An Opposites Programme has developed from a vested interest in collaborative working models, and the kinds of performance that take place in order to maintain these structures. As austerity measures continue to pressure arts organisations to partner and share resources, collaboration is becoming one of the defining features of our cultural practice. I believe, given the ease through which the term collaboration has already slipped into euphemistic territory, it is imperative that we challenge and question the intimate dynamics that constitute this working method and reclaim collaboration as a non-exclusive, non-complicit, non-exploitative model of work. An Opposites Programme intends to treat the open-source policy as a performance score, thinking through the relationship this interpretive performance document has to multiple pasts, presents and futures. An Opposites Programmes aims to further develop mutual understandings of accessibility, responsibility, and accountability within the collaborative model of cultural exchange inside the open-source programme.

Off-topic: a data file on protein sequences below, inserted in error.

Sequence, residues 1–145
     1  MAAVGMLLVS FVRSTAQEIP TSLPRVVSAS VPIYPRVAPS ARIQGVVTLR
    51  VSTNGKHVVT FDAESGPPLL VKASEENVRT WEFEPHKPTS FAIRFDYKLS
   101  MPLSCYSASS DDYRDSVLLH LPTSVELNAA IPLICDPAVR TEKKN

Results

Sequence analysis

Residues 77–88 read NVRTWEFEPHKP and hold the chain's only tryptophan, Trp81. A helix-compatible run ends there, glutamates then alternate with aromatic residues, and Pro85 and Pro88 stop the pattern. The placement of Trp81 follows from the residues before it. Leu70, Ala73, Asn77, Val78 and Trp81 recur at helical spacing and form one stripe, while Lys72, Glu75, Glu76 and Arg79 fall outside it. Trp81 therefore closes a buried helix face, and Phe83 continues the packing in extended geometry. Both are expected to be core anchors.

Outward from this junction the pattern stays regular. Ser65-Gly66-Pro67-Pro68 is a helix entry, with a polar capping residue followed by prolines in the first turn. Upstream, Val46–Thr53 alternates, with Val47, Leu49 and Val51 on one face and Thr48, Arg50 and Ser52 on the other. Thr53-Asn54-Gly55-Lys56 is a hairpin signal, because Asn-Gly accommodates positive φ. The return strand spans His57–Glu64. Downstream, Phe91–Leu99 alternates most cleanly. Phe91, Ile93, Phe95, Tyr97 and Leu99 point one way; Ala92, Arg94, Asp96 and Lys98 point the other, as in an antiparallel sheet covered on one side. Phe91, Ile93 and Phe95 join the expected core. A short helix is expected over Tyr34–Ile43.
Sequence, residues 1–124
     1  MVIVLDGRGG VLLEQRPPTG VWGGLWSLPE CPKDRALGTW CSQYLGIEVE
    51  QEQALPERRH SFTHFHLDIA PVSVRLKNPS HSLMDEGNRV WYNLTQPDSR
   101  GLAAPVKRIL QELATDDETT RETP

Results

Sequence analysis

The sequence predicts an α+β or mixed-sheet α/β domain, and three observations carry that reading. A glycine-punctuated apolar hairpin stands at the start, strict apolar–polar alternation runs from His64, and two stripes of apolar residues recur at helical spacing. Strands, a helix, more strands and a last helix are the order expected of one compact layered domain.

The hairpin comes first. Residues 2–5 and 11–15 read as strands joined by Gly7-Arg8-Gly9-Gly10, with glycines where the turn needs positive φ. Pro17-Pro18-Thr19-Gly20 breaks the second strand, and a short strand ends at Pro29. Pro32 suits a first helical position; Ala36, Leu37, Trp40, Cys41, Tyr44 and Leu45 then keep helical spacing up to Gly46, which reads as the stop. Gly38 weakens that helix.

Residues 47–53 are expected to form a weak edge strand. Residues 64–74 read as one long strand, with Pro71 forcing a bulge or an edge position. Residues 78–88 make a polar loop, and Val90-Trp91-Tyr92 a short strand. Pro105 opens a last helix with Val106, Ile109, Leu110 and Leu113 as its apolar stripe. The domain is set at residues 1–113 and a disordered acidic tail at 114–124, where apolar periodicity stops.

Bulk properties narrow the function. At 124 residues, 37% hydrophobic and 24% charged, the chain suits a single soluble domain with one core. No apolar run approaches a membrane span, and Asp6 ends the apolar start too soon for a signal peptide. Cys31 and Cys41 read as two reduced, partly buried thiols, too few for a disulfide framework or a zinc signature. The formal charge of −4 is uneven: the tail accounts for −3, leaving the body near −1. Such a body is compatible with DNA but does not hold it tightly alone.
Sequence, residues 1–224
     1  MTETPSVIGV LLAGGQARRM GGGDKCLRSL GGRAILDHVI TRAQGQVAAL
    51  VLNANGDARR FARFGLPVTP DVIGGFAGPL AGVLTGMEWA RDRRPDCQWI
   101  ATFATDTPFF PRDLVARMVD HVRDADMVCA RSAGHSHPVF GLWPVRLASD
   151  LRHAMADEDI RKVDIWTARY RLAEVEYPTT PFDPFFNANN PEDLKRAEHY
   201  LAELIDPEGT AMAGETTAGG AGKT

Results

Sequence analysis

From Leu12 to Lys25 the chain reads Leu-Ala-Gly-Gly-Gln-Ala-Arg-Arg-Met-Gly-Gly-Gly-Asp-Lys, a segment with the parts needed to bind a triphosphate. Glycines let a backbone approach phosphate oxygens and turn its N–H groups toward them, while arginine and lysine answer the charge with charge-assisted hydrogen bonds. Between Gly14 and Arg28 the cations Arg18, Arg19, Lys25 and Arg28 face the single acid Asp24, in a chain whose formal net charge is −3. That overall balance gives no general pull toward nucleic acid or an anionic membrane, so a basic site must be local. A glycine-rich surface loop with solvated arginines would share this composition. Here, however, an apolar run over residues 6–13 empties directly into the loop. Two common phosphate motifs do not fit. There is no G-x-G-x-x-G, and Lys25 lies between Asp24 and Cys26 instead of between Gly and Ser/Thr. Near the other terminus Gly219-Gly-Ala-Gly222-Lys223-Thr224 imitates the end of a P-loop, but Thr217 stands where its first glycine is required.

If you would like to contact me directly regarding the project or anything else, I can be reached on and would be very interested to chat!

About An Opposites Programme

Performance artist Gordon Douglas is working with CCA towards a performative audit of our open source policy, a programming model that offers free and temporary public use of many of the organisation’s spaces and facilities. An Opposites Programme will be the realisation of this audit – a series of in-house workshops, public events and performances taking place throughout 2018-19.

By imagining the policy as a performance score, and the organisation and its stakeholders as performers, the research aims to seek out the habits of decision-making, responsibility and evaluation that are enacted on a daily basis. What kinds of interpretation does this allow, and how might considering it in this way highlight repeated (and neglected) gestures as they occur over time?

In the past, Gordon has conceived and maintained working dialogues with practitioners from arts and non-arts backgrounds, investing time into understanding performativity in collaborative and organisational practice. Whilst at CCA, he will be thinking through the implicit social contracts we submit to when joining groups; registers of critique on organisational futures; and the potentially exploitative behaviour we mask by calling a practice ‘collaborative’.

An Opposites Programme aims to embody some of these questions by hosting staff, open source contributors and independent practitioners by occupying challenging spaces around CCA: the air conditioning vents, the artist’s residency flat, the reception desk, and an abundance of other awkward sites around the building.